umjetnica Adrijana Gvozdenović /
kustoskinja Teodora Nikčević /
produkcija Marina torte i kolači u saradnji sa Dragicom Gvozdenović i uz pomoć privatnih donacija /
fotografije otvaranja izložbe i postavka izložbe nakon otvaranja Ognjen Kračković /
tekst Milena Pejović i Nataša Nikčević (pdf)
muzika Marko Radišić, Adrijana Gvozdenović /
prevod na engleski Darja Marija Vuletić, Adrijana Gvozdenović /
katalog kao potencijalni prostor za umjetničko djelovanje (pdf)
artist Adrijana Gvozdenović /
curator Teodora Nikčević /
production Marina cakes in cooperation with Dragica Gvozdenović and with a help of private donations /
photographs of the opening of the exhibition and exhibition setting after the opening Ognjen Kračković /
text by Nataša Nikčević, Milena Pejović, Adrijana Gvozdenović /
music Marko Radišić, Adrijana Gvozdenović /
english translation Darja Marija Vuletić, Adrijana Gvozdenović /
catalogue as a space of potential for artistic intervention (pdf)
freely translated excerpts from the text about the exhibition, written by Milena Pejovic:
“This exhibition is referring to Adrijana’s first solo exhibition, Interior Land(e)scape, which was created within the same institutional framework, Contemporary Art Centre in 2011. Through various elements of the exhibition, this time she creates a symbolic meta-text that deconstructs artistic production in the local context and the relationships within it, regardless of whether they consider the artist, the institution or the audience.
Formally, for this occasion, Adrijana exhibits cakes on which she printed motifs from the art prints that were displayed at her first exhibition. Although the artist remains faithful to the medium of printing, this work does not represent any formal or technical experimentation, but skilfully challenges the production of an artwork.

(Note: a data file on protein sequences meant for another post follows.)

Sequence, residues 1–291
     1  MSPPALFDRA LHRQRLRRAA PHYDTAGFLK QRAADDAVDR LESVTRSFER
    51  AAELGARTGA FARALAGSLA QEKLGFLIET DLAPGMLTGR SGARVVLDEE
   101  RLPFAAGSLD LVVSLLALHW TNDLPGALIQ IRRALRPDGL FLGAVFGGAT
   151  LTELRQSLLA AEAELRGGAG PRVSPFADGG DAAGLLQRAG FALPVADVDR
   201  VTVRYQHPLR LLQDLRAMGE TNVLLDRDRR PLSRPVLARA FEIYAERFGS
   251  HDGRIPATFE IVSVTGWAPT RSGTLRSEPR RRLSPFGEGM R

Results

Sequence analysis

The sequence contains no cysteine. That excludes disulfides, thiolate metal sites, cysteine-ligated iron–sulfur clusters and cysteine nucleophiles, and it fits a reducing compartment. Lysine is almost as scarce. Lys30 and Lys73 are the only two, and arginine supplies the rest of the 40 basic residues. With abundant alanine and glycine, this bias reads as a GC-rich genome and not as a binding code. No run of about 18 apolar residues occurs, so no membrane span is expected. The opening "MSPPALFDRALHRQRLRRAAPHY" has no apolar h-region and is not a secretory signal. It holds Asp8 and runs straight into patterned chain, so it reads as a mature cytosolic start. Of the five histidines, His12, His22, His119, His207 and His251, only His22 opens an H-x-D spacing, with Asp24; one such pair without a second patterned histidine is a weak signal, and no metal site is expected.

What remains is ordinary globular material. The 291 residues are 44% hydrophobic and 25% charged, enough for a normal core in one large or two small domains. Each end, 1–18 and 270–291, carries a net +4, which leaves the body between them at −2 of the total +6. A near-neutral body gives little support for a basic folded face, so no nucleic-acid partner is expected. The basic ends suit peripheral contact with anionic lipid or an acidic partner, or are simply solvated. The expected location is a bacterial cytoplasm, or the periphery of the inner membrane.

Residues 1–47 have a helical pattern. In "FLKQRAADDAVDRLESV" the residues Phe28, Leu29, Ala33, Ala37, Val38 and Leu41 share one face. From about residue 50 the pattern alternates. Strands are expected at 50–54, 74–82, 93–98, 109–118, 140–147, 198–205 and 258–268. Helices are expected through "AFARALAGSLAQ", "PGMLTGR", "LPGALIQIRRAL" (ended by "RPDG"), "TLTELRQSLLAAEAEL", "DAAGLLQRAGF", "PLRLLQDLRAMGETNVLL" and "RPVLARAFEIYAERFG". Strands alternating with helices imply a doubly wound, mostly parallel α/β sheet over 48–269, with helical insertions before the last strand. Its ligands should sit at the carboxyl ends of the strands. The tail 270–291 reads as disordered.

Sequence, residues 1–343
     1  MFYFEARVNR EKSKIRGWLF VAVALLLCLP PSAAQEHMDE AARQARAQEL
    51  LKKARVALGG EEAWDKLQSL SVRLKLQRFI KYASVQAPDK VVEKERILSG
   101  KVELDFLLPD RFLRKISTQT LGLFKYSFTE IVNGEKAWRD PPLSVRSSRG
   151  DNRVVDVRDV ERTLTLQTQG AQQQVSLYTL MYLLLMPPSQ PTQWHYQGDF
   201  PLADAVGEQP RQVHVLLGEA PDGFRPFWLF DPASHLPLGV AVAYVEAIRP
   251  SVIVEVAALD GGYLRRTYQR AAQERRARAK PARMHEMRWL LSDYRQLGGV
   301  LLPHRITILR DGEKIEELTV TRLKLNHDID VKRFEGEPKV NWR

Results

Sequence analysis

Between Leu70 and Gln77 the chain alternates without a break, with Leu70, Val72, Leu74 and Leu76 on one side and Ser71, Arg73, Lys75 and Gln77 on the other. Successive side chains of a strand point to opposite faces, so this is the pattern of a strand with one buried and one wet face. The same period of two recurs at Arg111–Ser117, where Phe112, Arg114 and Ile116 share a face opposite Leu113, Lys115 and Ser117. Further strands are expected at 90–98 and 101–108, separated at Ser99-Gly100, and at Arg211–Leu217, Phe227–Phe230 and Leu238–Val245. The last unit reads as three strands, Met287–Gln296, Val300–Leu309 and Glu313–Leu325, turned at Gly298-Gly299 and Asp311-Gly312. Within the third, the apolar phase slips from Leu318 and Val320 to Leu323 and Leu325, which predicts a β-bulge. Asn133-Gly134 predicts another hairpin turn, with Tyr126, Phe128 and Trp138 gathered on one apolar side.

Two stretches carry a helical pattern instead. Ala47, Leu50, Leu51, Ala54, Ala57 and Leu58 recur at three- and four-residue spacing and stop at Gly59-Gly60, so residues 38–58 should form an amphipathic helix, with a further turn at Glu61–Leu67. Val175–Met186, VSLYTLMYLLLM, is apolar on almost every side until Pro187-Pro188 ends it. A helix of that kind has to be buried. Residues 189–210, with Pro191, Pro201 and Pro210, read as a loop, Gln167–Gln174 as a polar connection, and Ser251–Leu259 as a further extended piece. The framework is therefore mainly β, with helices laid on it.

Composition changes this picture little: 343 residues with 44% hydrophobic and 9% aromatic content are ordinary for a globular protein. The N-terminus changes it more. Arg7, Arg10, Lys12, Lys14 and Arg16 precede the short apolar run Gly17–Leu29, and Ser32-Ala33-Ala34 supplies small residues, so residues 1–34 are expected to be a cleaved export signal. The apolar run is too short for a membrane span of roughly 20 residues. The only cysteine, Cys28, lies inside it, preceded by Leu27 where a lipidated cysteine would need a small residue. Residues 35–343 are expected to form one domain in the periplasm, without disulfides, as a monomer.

Adrijana gives the opportunity and autonomy to the artist of the younger generation to present himself within this exhibition. She introduces him the concept of the exhibition, invites him to document the opening, after which they will create a photographic installation that will be exposed until the end of the exhibition. In this way, the artist points to the need for a pluralistic approach to art in which generational and formally different expressions are considered equally valid.
If you pay attention to the impressum of the catalog, you will notice that the production of the exhibition is signed by a private company for making cakes in cooperation with the artist’s mother, with the help of private donations.
Namely, in the text of the open call which invites artists to exhibit in this institution, it is stated that the Contemporary Art Centre of Montenegro provides: gallery space, catalog, invitation, poster, media presentation and organises the opening of the exhibition. That is to say: the institution provides the physical and marketing space for the presentation of the artwork. However, for its realisation – the basic element necessary for organising and promoting the exhibition, and therefore for the implementation of gallery activity that is, in accordance with the law, the founding act and the statute of this institution defined as the first and most important activity – somebody else has to take care of.
Although for a moment such a statement may sound unexpected, or perhaps even provocative, it is indeed a common practice that the production of an artwork as well as the very act of artistic work in the domain of visual arts in the Montenegrin context is almost always volunteer work, without any financial compensation.
Adrijana questions the artists’s attitude towards the system of the so-called art market using an exhibition catalog, in which she exposes and demystifies the sale of works of art, concretely those art prints that were exhibited at her first solo exhibition.
Notwithstanding, in this segment of the artist approaches very openly, without any mystery and pretension, the way of selling her artworks certainly does not differ much from the situation in which other Montenegrin artists are.
Regardless of the relevance or presentation of the artwork, artists in Montenegro can sell their works in a very narrow framework of the market, consisting of several institutions that, at the very least, have vague regulations on acquisitions, and rare, mostly anonymous private collectors.”
photos by Miraš Šljivančanin